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Leisa Remsberg was taking her dogs for a walk on February 1, when she had a close encounter with a giant anaconda, in Florida’s Brevard County.
Imagine going for a walk with your two little cute dogs on a nice Monday morning. Before leaving the house, you pass the side yard and see a a large, shiny dark object curled up next to the house. Of course, you get close to check that ‘object’ out and you discover… a 9-foot green anaconda. It’s right there, in front of you and, as you remain speechless, the snake rears its head and goes after the two tiny dogs.
That is exactly what happened to real estate agent Leisa Remsberg, the woman from Florida who recently discovered the snake. In an interview given to Florida Today, the woman declared that she ‘wasn’t thinking what it was, because it was so large’ and that once it ‘raised its head up’ and began ‘snapping’ and ‘lurching’ at her dogs,
I started screaming for the dogs right away.
she sustained, still terrified by the event.
A neighbor with experience with Florida snakes went to the rescue by using a shovel to hold the snake down so the woman and her dog could escape. He put the snake inside a plastic tub container with a lid and placed a piece of heavy concrete on top to keep it trapped inside until the authorities could arrive.
This is not the first case of an anaconda appearance in Florida. The second appearance of an anaconda in Brevard County took place within the last few months, in late November of 2015.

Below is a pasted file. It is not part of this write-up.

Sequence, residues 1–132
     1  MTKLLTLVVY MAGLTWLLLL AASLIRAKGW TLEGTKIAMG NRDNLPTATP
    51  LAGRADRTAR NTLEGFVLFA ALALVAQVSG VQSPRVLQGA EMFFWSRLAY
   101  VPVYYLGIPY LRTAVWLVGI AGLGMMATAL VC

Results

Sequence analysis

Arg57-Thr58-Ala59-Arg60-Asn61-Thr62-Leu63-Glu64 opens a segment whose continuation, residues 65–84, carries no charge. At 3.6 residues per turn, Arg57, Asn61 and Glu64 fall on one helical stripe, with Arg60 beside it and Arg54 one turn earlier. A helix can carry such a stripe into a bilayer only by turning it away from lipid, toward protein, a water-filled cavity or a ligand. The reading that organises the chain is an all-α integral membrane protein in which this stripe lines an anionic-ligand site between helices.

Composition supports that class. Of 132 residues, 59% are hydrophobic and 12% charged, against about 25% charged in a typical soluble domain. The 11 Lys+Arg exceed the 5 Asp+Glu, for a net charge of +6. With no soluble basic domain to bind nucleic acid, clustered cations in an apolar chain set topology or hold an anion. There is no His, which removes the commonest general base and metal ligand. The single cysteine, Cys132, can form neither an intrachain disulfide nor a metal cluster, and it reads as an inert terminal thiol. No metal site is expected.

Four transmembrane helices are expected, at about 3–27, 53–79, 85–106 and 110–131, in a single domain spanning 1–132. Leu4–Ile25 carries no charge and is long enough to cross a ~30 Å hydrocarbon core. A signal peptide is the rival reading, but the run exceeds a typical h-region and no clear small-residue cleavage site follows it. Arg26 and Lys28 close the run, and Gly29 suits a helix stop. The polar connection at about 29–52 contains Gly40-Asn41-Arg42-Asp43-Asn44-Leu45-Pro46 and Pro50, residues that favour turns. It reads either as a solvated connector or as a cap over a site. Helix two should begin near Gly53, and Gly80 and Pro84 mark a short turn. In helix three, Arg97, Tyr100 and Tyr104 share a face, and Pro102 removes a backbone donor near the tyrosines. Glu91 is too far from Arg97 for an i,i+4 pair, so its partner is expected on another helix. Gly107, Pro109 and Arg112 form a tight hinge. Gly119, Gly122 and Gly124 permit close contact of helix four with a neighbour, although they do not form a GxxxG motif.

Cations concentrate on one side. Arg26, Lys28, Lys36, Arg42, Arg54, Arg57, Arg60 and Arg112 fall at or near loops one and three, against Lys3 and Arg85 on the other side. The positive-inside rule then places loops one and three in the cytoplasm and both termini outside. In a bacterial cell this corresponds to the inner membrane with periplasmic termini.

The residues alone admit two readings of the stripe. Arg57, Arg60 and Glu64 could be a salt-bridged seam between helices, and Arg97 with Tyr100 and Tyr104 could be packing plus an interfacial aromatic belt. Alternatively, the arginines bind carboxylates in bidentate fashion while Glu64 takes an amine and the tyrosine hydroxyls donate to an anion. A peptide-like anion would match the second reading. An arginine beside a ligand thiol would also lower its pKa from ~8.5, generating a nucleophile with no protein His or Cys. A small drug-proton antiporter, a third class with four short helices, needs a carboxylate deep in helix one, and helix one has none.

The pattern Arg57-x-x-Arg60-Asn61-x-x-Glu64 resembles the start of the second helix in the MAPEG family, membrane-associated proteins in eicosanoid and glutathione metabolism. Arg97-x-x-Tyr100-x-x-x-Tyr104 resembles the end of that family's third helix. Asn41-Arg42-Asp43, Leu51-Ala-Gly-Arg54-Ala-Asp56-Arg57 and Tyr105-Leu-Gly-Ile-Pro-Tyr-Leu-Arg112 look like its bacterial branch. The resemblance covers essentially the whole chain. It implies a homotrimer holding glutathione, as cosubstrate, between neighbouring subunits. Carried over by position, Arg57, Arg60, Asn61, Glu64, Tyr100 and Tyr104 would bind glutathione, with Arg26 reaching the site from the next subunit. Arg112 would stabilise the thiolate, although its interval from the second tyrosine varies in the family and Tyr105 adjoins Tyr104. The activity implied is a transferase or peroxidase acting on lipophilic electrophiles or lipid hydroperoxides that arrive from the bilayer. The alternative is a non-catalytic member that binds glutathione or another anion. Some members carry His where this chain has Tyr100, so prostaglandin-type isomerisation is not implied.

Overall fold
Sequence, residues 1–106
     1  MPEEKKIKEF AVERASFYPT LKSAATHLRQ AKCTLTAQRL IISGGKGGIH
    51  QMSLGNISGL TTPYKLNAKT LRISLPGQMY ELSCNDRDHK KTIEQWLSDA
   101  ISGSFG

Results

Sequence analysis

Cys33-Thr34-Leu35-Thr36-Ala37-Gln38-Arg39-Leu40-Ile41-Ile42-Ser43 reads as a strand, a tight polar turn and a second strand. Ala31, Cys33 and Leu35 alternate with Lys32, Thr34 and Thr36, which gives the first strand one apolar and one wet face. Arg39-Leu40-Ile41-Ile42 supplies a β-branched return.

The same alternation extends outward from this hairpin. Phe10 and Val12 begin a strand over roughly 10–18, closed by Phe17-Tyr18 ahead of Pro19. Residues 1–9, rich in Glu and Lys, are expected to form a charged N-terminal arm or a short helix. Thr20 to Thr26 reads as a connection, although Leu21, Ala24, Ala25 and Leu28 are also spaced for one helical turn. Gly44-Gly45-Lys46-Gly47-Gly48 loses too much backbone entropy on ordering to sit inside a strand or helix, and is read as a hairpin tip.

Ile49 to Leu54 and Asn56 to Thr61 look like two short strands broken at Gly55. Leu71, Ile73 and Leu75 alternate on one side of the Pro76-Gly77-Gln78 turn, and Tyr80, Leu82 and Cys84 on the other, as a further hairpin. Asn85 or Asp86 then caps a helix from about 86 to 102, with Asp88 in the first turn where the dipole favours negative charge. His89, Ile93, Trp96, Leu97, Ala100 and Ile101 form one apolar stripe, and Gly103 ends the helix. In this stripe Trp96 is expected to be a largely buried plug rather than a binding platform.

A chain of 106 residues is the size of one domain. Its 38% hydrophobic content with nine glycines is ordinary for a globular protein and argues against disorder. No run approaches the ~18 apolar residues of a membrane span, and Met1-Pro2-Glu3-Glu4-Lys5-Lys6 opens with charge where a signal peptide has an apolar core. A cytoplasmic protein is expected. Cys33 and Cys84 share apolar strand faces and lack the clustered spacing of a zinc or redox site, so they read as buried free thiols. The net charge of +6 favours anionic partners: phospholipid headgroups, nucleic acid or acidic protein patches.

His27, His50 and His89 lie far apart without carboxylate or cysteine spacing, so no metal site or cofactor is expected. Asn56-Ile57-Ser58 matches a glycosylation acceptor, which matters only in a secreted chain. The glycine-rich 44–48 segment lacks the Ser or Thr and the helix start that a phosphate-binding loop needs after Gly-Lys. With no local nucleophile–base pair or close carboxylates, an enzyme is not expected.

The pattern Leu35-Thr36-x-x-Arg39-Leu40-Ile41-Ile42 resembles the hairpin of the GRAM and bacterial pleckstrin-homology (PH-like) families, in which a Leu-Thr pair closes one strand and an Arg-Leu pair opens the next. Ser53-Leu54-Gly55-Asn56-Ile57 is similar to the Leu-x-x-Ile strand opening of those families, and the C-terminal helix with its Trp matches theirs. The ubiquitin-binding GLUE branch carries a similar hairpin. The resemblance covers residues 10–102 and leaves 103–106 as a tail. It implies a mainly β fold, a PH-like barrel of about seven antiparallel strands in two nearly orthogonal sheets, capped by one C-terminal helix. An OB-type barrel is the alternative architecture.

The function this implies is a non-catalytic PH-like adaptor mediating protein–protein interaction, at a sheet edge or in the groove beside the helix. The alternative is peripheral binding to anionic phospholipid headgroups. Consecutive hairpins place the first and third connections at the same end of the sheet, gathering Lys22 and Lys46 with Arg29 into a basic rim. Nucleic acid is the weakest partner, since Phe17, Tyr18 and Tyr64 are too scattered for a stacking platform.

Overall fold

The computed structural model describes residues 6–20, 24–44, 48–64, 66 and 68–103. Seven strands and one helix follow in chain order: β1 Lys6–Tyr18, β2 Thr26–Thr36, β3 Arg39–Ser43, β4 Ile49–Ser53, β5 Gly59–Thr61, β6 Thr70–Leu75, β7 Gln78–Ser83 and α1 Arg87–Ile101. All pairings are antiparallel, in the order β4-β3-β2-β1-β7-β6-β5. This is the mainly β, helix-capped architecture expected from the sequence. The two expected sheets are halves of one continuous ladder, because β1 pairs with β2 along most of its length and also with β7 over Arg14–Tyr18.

On average, green anacondas, which can grow up to 30 feet long, measure roughly 17 feet in length. The species, which weighs in at 550 pounds, is considered to be the largest snake in the world based on its weight to length ratio. The giant anaconda, known formally as Eunectes murinus, is an aquatic species native to South America. Their presence in Florida poses a risk to the state’s native wildlife, Florida Today indicated in a recent report covering the capture of the latest anaconda to appear in Brevard.
So, what happened to the snakes? The first one, that popped up in November, was shot and killed by state wildlife officials. The most recent one, that appeared on February 1 was removed by Brevard County Animal Services and later handed over to the Florida Fish and Wildlife Conservation Commission (WCC). According to Investigator Damon Saunders, they will pickle the snake before placing it on display at the Brevard County Museum.
The officials intended to make a scan of the snake, in order to reveal the existence of a microchip indicating an owner. The scan failed to reveal any kind of cheap, which leads to spokesman Greg Workman’s conclusion about the snake:
Basically, it wasn’t there legally […] They’re a top predator. They get huge. They can really decimate an area.
All in all, the good news is that the woman and both dogs were not harmed during the snake attack, but the people from Florida’s Brevard County will surely think twice now before going for a walk on a Monday morning.
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